The euro has gained ground on Thursday afternoon after comments from European Central Bank (ECB) president Mario Draghi on the strength of the single currency.
ECB officials had earlier agreed to keep the Bank's main policy settings on hold: the main refinancing rate at 0% and net monthly asset purchases of €30bn until September - "or beyond, if necessary".
Dollar weakness criticised
In the press conference that followed, Draghi was more candid, taking a sideways swipe at the US for talking the dollar down after Steven Mnuchin (left) said in his address at Davos on Wednesday that the US was happy with a weaker dollar.
Draghi, without ever directly naming either Mnuchin or the US, lamented on the breaking of an agreement between leading monetary authorities on talking down currencies.
"The riposte will be that this is just the pot calling the kettle black given the ECB negative interest rate policy," says Claus Vistesen at Pantheon Macroeconomics.
While Draghi retained the view that current policy settings were appropriate given the outlook for inflation, he said the main risk to growth was euro appreciation, which would need to be "monitored".
He added, however, that growth in the eurozone had taken a stronger turn than expected and concluded that "by and large, the risks to growth are balanced".
Timothy Graf at State Street Global Markets, says: "Draghi has done enough to keep euro bulls happy in not pushing back too much against the recent strength in the single currency.
"So long as the rate of appreciation remains well contained, it seems like the central bank is willing to live with euro strength as a consequence of the success of its past easing efforts.
"The message that the ECB will be slow to remove accommodation remains clear and the inclusion of language about the volatility of the euro acknowledges what has become an overwhelmingly consensus euro appreciation bias."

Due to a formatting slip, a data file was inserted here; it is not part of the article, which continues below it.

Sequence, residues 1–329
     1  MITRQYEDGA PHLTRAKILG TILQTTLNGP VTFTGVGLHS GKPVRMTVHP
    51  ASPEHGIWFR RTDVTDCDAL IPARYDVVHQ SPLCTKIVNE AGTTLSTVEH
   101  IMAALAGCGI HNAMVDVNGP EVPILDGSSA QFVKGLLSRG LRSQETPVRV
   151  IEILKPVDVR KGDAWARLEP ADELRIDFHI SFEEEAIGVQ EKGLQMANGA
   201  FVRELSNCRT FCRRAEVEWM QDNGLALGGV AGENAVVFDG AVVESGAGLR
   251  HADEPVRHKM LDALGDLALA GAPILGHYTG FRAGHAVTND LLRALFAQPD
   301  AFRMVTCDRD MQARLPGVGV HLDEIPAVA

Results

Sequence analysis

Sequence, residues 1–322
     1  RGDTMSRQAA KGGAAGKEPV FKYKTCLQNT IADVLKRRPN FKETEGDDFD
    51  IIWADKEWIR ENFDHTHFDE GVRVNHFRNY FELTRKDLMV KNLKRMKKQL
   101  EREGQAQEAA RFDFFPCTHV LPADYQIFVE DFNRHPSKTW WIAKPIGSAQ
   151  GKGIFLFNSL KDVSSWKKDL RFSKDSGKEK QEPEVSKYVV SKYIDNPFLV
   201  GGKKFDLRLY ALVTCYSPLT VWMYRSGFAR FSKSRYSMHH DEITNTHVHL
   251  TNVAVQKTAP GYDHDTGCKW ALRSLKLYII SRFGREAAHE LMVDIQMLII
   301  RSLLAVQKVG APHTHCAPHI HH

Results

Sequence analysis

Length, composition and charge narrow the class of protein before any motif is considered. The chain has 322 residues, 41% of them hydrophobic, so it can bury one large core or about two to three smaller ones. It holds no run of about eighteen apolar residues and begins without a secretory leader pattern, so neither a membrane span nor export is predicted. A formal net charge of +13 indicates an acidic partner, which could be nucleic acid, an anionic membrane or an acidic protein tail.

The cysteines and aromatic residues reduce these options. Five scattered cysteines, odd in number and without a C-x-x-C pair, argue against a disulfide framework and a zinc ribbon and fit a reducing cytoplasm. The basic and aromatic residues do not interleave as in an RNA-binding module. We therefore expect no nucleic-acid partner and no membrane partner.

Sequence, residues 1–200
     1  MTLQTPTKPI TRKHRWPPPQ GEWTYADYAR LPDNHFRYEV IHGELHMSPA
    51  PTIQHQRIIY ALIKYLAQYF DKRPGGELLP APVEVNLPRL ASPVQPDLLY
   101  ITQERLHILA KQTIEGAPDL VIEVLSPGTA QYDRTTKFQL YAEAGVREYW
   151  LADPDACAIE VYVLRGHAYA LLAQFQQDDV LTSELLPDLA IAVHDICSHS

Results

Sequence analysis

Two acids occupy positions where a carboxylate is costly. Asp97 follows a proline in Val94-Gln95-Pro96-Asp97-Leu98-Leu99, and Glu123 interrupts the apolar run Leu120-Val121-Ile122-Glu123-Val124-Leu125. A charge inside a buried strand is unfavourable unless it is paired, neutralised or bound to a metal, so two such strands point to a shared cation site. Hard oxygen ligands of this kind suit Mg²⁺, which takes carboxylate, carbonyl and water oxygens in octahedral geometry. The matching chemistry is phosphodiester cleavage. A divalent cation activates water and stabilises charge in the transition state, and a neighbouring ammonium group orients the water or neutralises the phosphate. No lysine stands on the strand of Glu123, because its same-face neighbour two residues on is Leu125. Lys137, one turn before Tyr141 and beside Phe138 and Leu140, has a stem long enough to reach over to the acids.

David Lamb at Fexco agrees: "By reaffirming his commitment to keeping eurozone interest rates lower for longer, the clear – if undeclared – aim of Draghi’s dovish press conference was to keep the euro in check and prevent a strong single currency from hurting Europe’s export boom."
The ECB has given few clues about the ending of the asset purchase programme or timing of the first rate increase. Inflation at 1.4% remains well below the central bank's 2% target rate, and Draghi has previously said policy should remain accommodative until the target rate is reached.
"As expected, Draghi provided limited guidance on the future of the ECB’s bond buying programme at its first press conference of 2018," says Shilen Shah at Investec Wealth & Investment. "Economic activity in the eurozone remains above previous forecasts, however the underlying picture for inflation remains somewhat tepid."
Brendan Lardner at State Street Global Advisors says: "The ECB will want to see further dynamism in the economic expansion and a clear build up in inflation before it follows suit on a more hawkish message and a change of path. For now the ECB is still buying bonds even if it’s less of it."
Some, however, believe that Draghi and the ECB will continue to target euro appreciation in the coming months and this could mean an extension of its loose monetary policy stance rather than policy tightening.
"We would not be surprised if ECB officials start a dovish communication wave in the coming weeks," says Carsten Brzeski at ING.
"If markets get ahead of themselves, chances of another extension of quantitative easing rather than an early end are increasing."
Indeed, even though the ECB's message was clouded, euro bulls gathered to drive the single currency higher.
It climbed 0.77% to $1.2503 versus the dollar and was 0.24% higher against the yen at Y135.85. Sterling fell 0.38% to €1.1436.